NAIROBI, Kenya, Aug 31 – The Industrial Court has blocked the teachers’ strike that was planned to begin next Monday until after a case filed by the Teachers Service Commission (TSC) is heard and determined.
Justice Pyrum Ongaya gave the order following an application by the TSC objecting to the strike.
The Teachers Service Commission argues that the strike was illegal as the Salaries and Remuneration Commission was already addressing pay grievances.
Judge Ongaya also declared that every child has a right to education under the new Constitution.
The strike was called for by the Kenya National Union of Teachers (KNUT) and the Kenya Union of Post Primary Education Teachers (KUPPET) both demanding pay increases for their members.
Both KNUT and KUPPET are now required to appear in court for the hearing of the case next Tuesday.
The top organ of KNUT met on Wednesday in Nairobi to deliberate on a strike action but did not make clear deliberations.
The union had issued a seven-day notice to the government on August 19 and indicated the strike would officially start when schools open for the third term.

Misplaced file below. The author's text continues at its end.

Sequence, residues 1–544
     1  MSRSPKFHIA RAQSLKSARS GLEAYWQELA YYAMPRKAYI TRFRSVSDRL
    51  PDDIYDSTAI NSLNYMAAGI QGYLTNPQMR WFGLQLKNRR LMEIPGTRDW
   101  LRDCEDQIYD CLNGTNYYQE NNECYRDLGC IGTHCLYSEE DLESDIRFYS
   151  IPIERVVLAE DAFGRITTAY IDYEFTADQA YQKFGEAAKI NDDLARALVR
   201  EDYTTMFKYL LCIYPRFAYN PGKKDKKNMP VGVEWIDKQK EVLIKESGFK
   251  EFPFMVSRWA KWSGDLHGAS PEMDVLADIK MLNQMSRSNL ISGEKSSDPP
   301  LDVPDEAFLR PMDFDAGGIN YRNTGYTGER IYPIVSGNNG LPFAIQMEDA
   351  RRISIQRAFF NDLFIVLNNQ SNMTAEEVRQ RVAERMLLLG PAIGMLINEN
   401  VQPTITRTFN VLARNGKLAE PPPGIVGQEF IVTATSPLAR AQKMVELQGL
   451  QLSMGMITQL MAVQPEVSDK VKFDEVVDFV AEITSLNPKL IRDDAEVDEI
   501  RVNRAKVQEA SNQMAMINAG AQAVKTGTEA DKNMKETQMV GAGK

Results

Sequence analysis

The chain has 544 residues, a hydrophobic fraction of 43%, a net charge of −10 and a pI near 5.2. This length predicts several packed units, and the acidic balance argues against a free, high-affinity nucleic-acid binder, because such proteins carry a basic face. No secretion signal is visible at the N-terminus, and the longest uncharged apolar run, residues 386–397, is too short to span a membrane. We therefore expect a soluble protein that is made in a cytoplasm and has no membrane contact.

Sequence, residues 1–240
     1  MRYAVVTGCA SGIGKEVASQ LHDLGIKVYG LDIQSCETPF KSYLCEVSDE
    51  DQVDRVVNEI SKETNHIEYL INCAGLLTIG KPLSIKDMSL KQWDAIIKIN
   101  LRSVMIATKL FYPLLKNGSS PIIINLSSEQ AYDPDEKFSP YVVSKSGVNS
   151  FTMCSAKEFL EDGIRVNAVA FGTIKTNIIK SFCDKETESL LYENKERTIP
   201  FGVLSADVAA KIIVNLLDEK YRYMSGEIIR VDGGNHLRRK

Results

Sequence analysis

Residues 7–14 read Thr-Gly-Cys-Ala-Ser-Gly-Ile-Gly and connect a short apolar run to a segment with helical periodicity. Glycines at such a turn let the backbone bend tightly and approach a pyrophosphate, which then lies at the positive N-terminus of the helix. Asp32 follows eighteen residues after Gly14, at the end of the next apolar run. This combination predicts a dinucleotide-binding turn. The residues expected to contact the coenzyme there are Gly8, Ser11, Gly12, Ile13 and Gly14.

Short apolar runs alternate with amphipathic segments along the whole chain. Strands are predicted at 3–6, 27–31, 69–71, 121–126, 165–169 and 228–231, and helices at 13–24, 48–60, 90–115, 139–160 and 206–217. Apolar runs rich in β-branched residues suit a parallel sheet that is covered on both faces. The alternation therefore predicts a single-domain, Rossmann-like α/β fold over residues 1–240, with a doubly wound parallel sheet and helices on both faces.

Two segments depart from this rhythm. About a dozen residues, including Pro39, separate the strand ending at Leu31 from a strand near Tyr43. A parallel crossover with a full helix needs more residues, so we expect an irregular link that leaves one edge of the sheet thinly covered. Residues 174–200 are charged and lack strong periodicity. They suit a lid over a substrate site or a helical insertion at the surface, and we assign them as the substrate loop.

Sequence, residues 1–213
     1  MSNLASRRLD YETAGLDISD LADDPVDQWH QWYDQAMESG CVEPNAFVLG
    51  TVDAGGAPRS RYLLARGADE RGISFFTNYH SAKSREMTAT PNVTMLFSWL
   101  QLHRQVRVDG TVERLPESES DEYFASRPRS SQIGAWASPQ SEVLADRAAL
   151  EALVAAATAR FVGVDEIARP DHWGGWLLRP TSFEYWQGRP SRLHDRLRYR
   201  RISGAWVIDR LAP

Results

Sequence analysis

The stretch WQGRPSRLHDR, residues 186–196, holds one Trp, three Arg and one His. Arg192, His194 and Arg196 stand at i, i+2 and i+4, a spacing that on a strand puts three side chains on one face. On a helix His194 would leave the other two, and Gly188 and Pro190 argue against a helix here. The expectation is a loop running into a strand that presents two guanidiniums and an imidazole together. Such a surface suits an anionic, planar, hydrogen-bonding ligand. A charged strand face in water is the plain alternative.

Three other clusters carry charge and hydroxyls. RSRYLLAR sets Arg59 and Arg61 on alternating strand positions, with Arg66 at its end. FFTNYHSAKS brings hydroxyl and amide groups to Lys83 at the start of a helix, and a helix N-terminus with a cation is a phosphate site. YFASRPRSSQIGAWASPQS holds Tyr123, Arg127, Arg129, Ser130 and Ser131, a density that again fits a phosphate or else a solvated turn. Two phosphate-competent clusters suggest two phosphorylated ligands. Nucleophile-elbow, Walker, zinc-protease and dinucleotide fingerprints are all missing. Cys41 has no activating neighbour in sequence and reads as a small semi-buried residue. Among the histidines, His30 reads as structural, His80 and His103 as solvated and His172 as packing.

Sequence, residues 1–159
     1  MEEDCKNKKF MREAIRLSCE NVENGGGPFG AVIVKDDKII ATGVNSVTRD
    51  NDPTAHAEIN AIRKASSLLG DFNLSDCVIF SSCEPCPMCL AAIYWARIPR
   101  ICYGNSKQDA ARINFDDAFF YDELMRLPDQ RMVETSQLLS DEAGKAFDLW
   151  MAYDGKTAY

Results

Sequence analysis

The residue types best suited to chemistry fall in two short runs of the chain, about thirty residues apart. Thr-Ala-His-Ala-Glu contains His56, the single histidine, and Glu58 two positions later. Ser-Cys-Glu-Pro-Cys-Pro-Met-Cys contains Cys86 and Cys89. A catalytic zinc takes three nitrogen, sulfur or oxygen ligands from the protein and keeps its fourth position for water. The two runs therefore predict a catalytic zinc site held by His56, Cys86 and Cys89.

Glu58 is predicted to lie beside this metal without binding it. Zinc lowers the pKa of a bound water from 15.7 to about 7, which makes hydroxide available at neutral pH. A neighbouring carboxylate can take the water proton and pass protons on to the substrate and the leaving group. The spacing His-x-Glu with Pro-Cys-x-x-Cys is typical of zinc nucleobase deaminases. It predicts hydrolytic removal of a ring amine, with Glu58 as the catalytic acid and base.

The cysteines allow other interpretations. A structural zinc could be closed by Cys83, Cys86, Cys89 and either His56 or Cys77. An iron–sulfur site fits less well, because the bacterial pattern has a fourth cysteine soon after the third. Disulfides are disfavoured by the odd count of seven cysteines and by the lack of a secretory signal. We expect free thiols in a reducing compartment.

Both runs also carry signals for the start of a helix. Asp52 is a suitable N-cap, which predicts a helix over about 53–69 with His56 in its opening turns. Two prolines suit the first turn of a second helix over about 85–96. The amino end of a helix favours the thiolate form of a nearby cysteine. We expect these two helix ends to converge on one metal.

The union is demanding salary increments, and other allowances amounting to more than Sh43 billion, from a deal they signed with the government in 1997 ending a teachers strike.
This amount includes a 300 percent salary increment, alongside responsibility allowance at 50 percent, 40 percent and 30 percent for principals and their deputies, senior teachers and heads of departments respectively.
Last week, Finance Minister Njeru Githae ruled out a pay increase for teachers, instead urging them to wait for the Salary and Remuneration Commission (SRC) to harmonise salaries for all public servants.
“Teachers… give the Salaries and Remuneration Commission time to come up with these proposals and the harmonised salaries. It is only at that time we will be able to look at all sectors which are either below or above the harmonised rate,” Githae said last week.
KNUT’s rival union, KUPPET is also rooting for 100 percent increase for the salaries of its members.